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Nonuniform proofs of security are common in cryptography, but traditional blackbox separations consider only uniform security reductions. In this paper, we initiate a formal study of the power and limits of nonuniform blackbox proofs of security. We first show that a known protocol (based on the existence of oneway permutations) that uses a nonuniform proof of security, and it cannot be proven secure through a uniform security reduction. Therefore, nonuniform proofs of security are indeed provably more powerful than uniform ones. We complement this result by showing that many known blackbox separations in the uniform regime actually do extend to the nonuniform regime. We prove our results by providing general techniques for extending certain types of blackbox separations to handle nonuniformity.
RandomnessDependent Message Security
, 2012
"... Traditional definitions of the security of encryption schemes assume that the messages encrypted are chosen independently of the randomness used by the encryption scheme. Recent works, implicitly by Myers and Shelat (FOCS’09) and Bellare et al (AsiaCrypt’09), and explicitly by Hemmenway and Ostrovsk ..."
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Traditional definitions of the security of encryption schemes assume that the messages encrypted are chosen independently of the randomness used by the encryption scheme. Recent works, implicitly by Myers and Shelat (FOCS’09) and Bellare et al (AsiaCrypt’09), and explicitly by Hemmenway and Ostrovsky (ECCC’10), consider randomnessdependent message (RDM) security of encryption schemes, where the message to be encrypted may be selected as a function—referred to as the RDM function—of the randomness used to encrypt this particular message, or other messages, but in a circular way. We carry out a systematic study of this notion. Our main results demonstrate the following: • Full RDM security—where the RDM function may be an arbitrary polynomialsize circuit— is not possible. • Any secure encryption scheme can be slightly modified, by just performing some preprocessing to the randomness, to satisfy boundedRDM security, where the RDM function is restricted to be a circuit of a priori bounded polynomial size. The scheme, however,
Revised version is submitted to IEEE Trans. Computers. Milder Definitions of Computational Approximability: The Case of ZeroKnowledge Protocols
"... Many cryptographic primitives—such as pseudorandom generators, encryption schemes, and zeroknowledge proofs—center around the notion of approximability. For instance, a pseudorandom generator is an expanding function which on a random seed, approximates the uniform distribution. In this paper, we c ..."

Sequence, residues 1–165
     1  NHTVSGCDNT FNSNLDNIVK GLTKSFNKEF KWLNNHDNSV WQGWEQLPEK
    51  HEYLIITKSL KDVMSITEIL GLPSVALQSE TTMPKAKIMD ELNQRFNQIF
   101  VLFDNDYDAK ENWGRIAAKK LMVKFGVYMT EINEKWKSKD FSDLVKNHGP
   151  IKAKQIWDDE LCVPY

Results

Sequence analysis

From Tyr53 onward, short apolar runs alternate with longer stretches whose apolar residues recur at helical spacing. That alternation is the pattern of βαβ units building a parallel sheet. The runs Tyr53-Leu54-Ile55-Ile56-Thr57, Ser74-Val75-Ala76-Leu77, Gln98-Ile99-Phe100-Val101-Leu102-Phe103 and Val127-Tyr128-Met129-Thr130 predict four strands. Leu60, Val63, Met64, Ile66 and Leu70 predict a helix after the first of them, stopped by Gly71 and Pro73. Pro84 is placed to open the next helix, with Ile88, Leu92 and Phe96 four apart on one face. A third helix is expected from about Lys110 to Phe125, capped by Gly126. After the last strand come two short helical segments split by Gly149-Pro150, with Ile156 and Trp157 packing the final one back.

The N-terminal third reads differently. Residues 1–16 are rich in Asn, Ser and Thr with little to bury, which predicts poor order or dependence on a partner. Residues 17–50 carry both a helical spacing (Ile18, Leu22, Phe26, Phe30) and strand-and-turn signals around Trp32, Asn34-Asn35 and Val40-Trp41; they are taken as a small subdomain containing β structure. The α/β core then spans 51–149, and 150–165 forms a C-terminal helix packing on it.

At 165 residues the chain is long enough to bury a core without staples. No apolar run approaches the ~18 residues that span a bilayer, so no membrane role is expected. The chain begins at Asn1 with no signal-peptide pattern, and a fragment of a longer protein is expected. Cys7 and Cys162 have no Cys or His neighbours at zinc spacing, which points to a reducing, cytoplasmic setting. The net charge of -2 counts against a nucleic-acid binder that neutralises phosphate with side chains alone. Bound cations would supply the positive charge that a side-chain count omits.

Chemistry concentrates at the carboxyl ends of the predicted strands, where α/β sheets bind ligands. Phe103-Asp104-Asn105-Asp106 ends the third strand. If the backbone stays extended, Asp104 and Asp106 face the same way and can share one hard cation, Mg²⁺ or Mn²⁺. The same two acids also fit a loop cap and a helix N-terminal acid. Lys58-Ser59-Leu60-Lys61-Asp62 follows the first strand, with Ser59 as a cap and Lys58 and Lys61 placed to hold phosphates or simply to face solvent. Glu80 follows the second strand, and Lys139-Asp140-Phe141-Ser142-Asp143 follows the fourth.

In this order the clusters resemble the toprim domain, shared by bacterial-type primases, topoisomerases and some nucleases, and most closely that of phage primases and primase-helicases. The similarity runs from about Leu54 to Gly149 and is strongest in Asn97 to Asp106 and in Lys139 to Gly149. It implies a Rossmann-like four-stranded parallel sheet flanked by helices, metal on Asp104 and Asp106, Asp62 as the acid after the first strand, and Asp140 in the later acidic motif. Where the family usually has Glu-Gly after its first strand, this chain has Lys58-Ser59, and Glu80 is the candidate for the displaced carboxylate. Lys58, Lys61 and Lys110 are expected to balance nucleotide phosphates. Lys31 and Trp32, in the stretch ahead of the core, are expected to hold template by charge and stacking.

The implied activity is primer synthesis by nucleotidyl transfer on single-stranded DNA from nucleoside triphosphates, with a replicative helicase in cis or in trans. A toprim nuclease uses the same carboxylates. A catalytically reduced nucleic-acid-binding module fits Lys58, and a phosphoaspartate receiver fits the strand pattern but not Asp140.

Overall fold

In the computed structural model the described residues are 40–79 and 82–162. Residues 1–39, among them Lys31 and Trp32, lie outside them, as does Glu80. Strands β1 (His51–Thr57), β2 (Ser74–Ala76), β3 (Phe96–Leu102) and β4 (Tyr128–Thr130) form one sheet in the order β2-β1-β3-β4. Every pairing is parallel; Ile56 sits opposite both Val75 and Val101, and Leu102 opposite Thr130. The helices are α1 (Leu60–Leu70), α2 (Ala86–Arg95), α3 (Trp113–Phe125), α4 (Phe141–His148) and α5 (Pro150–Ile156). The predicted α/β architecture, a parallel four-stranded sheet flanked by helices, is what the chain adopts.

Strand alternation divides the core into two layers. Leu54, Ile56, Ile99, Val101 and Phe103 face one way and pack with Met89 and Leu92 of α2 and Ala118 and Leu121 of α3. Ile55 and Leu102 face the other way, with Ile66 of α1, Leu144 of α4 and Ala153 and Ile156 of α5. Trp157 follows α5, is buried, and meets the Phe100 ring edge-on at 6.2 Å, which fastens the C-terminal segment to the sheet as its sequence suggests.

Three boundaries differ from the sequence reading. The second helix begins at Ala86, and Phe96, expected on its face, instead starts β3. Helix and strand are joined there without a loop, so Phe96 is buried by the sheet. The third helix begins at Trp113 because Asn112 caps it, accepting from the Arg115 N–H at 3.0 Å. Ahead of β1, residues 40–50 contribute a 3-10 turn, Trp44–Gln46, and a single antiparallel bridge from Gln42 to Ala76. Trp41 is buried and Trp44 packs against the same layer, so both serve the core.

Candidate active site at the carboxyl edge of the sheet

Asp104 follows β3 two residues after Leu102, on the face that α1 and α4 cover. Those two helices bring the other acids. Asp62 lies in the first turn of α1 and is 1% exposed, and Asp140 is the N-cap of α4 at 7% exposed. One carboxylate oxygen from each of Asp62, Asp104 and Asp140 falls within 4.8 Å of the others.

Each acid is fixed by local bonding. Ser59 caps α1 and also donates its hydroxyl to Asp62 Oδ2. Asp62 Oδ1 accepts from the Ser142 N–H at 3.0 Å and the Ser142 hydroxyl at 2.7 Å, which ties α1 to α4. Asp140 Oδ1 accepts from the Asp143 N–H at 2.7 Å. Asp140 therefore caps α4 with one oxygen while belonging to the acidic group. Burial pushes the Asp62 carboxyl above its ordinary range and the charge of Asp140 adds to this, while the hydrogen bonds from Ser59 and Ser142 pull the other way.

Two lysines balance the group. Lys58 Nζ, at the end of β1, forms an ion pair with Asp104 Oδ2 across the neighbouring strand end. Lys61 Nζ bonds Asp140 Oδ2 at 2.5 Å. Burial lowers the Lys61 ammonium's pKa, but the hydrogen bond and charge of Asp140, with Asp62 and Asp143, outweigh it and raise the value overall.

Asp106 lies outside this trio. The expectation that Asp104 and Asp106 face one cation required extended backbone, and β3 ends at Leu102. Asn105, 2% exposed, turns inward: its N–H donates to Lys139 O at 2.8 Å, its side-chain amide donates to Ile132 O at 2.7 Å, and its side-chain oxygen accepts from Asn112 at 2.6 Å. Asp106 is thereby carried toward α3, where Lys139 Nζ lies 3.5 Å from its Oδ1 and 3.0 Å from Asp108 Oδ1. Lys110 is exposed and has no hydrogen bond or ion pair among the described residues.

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Many cryptographic primitives—such as pseudorandom generators, encryption schemes, and zeroknowledge proofs—center around the notion of approximability. For instance, a pseudorandom generator is an expanding function which on a random seed, approximates the uniform distribution. In this paper, we classify different notions of computational approximability in the literature, and provide several new types of approximability. More specifically, we identify two hierarchies of computational approximability: The first hierarchy ranges from strong approximability—which is the most common type in the cryptography—to the weak approximability—as defined by Dwork et al. (FOCS 1999). We define semistrong, mild, and semiweak types as well. The second hierarchy, termed Kapproximability, is inspired by the εapproximability of Dwork et al. (STOC 1998). Kapproximability has the same levels as the first hierarchy, ranging from strong Kapproximability to weak Kapproximability. While both hierarchies are general and can be used to define various cryptographic constructs with different levels of security, they are best illustrated in the context of zeroknowledge protocols. Assuming the existence of (trapdoor) oneway permutations, and exploiting the random oracle model, we present a separation between two definitions of zero knowledge: one based on strong Kapproximability, and the other based on semistrong Kapproximability. Especially, we present a protocol which is zero knowledge only